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"Unlocking the Benefits: Shedding Light on Hatha Yoga Practice"

There are several different schools of yoga philosophy; the most well-known is Hatha Yoga. A yogic practitioner has to understand the significance of Hatha Yoga, the various schools of yoga, and the ultimate state that can be attained through yoga. This edition of tradition talks will delve deeper into these topics with the assistance of Hathapradipika verse number three, written by Swatmarama.

bhrāntyā bahumata-dhvānte rāja-yoghamajānatām | haṭha-pradīpikāṃ dhatte svātmārāmaḥ kṝpākaraḥ || 3 |

“Owing to the darkness arising from the multiplicity of opinions people are unable to know the Râja Yoga. Compassionate Swâtmârâma composes the Haṭhapradipikâ like a torch to dispel it.”

The poem discusses the many perspectives or approaches within the practice of yoga, highlights the lack of awareness of raja yoga as the ultimate goal of yoga, and acknowledges the skillful composition of Swatmarama's Hatha Pradipika in teaching Hatha Yoga to attain the state of yoga. These factors are highly pertinent for a genuine seeker, which we shall go into with further elaboration.

Diverse routes and perspectives

The challenge has always been to approach the goal in a systematic and deliberate manner. Yoga encompasses several paths that may be categorized as follows for the sake of comprehension:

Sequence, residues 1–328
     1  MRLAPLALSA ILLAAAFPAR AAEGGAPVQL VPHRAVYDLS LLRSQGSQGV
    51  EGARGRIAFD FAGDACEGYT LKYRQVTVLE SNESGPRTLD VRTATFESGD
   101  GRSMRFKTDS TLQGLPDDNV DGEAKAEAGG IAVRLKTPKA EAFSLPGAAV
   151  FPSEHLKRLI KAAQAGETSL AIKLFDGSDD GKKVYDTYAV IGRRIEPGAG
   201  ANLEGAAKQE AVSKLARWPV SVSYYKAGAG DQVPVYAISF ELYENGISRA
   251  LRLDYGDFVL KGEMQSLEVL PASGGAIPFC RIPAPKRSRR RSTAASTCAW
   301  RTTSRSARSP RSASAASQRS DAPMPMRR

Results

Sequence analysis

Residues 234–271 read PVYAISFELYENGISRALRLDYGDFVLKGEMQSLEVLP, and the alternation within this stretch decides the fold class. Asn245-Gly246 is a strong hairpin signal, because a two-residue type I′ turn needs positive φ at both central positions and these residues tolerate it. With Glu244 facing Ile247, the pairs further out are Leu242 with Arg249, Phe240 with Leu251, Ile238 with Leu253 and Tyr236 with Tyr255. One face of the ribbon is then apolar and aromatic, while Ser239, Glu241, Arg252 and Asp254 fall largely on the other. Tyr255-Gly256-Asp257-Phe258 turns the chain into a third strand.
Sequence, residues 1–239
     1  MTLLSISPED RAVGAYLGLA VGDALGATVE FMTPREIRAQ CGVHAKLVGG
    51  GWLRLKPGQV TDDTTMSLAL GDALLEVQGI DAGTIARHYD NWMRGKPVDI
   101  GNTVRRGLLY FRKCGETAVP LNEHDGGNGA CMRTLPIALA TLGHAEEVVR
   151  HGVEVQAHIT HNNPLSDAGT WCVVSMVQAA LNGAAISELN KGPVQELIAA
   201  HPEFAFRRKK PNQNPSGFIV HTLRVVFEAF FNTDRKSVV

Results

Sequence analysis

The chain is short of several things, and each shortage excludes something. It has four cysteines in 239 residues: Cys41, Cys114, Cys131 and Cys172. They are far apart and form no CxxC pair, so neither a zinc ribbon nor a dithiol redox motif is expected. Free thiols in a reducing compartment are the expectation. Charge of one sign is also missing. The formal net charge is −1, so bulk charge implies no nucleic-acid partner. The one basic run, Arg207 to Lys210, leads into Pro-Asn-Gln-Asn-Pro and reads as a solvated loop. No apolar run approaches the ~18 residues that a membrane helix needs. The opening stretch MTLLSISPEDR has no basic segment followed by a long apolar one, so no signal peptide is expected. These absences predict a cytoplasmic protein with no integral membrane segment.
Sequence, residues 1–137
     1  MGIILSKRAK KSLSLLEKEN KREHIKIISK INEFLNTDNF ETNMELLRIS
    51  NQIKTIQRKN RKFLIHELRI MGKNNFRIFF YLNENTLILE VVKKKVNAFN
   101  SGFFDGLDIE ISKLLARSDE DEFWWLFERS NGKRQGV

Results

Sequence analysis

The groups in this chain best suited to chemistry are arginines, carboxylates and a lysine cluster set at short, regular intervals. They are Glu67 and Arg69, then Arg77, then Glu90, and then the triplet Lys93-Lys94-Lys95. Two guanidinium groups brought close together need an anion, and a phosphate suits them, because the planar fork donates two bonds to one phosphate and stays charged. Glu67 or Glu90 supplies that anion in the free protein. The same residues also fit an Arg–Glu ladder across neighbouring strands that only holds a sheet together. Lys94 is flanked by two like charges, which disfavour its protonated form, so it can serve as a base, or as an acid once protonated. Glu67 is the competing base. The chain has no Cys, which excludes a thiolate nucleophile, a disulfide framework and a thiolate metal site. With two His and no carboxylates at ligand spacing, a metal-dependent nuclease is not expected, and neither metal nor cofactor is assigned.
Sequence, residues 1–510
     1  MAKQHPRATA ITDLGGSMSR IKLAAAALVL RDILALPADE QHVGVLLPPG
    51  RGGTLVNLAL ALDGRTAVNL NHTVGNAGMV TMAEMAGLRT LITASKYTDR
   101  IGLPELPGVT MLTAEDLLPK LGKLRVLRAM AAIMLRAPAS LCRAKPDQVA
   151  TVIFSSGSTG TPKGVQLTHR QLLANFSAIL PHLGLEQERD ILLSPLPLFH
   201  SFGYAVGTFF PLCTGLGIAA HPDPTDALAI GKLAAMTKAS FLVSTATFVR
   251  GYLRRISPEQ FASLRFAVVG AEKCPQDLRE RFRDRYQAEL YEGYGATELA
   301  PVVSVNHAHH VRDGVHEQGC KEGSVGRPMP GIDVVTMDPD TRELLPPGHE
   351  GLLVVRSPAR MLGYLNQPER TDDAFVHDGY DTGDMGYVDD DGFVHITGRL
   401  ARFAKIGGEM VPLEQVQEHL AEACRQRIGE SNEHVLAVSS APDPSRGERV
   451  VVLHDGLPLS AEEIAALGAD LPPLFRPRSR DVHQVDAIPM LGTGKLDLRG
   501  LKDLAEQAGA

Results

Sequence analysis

• Bhavana Yoga refers to the practice of developing a correct mindset towards the many items in the world and understanding their connection to oneself.

Prana Samyama Yoga is a method that involves regulating the breath to regulate the mind. The yogic paths classified under Bha-vana Yoga comprise the following:

•Jnana yoga: Jnana refers to the acquisition of knowledge. Jnana yoga is the practice of acquiring knowledge about the nature of reality, as suggested by its name. Jnana yoga is associated with Vedanta, and it is a non-dualistic practice centered around understanding the self and reality, specifically the concept of brahman. This approach is straightforward, however demanding and needs keen intelligence.

• Bhakti yoga is a spiritual practice that involves seeing God or a deity as the ultimate authority and completely submitting oneself to God without any hesitation or uncertainty. This pathway facilitates the comprehension of reality through the state of one with the divine. The Bagha-vad Gita has Bhakti Yoga as one of its pathways, which centers around love and devotion.